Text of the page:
This year alone, extreme weather has upended the U.S. economy and affected one in three Americans. Both international and domestic supply chains have been disrupted by climate change – whether it’s floods in China and Texas, or wildfires that have burned nearly six million acres of land, supply chains across critical industries including housing, construction, semiconductors, and agriculture have been affected, causing delays and shortages for both consumers and businesses. American families are paying the costs. Extreme weather has cost Americans an additional $600 billion in physical and economic damages over the past five years alone. Climate-related risks hidden in workers’ retirement plans have already cost American retirees billions in lost pension dollars. Climate change poses a systemic risk to our economy and our financial system, and we must take decisive action to mitigate its impacts.

By addressing the costs of the climate crisis head-on, the federal government will safeguard the life savings of workers and families, spur the creation of good-paying, union jobs, and ensure the long-term sustainability of U.S. economic prosperity. The roadmap makes clear that protecting the financial health of American households, deploying clean energy in United States, and building an economy from the bottom-up and the middle-out go hand-in-hand.   

The Administration’s whole-of-government strategy includes six main pillars to achieve the goals of the President’s May 2021 Executive Order on Climate-Related Financial Risks, including several major announcements this week demonstrating concrete actions to protect American families, the federal government, and the economy from climate-related financial risk:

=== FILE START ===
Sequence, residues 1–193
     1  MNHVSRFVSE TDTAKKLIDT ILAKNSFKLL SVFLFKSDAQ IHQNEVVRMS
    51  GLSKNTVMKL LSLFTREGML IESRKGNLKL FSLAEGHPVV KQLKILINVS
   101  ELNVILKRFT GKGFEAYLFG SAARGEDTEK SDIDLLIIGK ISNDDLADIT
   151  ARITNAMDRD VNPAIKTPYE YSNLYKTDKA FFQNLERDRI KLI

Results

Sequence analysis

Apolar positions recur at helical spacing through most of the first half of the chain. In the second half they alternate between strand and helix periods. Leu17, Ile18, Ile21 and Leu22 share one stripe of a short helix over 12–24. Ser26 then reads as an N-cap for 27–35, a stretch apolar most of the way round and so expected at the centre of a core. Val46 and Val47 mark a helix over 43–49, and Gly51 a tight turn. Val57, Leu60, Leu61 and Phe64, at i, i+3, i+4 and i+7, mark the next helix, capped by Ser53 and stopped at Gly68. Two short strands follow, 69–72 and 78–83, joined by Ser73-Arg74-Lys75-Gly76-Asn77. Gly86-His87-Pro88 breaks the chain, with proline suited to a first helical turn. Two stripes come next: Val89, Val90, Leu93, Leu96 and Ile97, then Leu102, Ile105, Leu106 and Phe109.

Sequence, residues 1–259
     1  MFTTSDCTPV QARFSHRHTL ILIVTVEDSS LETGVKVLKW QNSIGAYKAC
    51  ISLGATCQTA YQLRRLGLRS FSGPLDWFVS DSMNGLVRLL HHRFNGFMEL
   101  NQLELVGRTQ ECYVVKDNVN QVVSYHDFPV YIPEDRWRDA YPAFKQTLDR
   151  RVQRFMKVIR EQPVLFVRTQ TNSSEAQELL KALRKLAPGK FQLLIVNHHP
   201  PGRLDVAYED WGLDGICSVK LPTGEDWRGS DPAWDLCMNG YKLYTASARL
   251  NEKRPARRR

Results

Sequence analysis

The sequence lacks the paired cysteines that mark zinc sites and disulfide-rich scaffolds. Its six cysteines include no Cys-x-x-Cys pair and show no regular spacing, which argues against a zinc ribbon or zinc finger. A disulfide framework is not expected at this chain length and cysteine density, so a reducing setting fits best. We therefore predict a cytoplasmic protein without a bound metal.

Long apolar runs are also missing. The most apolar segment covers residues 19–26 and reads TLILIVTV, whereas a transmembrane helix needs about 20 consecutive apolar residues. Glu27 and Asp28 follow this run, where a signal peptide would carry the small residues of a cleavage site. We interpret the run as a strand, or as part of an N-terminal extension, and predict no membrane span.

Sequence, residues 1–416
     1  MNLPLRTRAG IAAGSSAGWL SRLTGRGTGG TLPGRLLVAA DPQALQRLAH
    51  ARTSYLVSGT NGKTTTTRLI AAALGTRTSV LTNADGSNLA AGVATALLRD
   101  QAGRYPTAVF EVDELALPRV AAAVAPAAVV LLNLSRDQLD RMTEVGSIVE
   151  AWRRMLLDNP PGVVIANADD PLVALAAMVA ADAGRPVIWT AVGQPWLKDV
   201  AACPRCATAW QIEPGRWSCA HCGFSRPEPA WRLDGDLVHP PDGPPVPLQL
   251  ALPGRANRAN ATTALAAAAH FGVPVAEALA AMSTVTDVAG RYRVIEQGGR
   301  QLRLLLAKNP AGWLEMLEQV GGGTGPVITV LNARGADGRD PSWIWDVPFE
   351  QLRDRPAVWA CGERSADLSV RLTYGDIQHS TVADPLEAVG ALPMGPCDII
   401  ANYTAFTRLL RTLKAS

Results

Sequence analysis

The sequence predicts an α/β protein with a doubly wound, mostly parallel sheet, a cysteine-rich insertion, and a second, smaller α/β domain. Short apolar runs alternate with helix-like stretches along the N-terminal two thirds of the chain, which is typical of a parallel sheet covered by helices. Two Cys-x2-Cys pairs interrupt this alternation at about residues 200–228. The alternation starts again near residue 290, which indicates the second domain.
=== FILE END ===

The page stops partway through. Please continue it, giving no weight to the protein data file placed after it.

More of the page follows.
Promoting the resilience of the U.S.financial system to climate-related financial risks.

  • A forthcoming report from the Financial Stability Oversight Council (FSOC) will kick off the first step in a robust process of U.S. financial regulators developing the capacity and analytical tools to mitigate climate-related financial risks.
  • The Treasury Department’s Federal Insurance Office has launched a process to address climate-related risks in the insurance sector, with a focus on assessing the availability and affordability of insurance coverage in high-risk areas for traditionally underserved communities.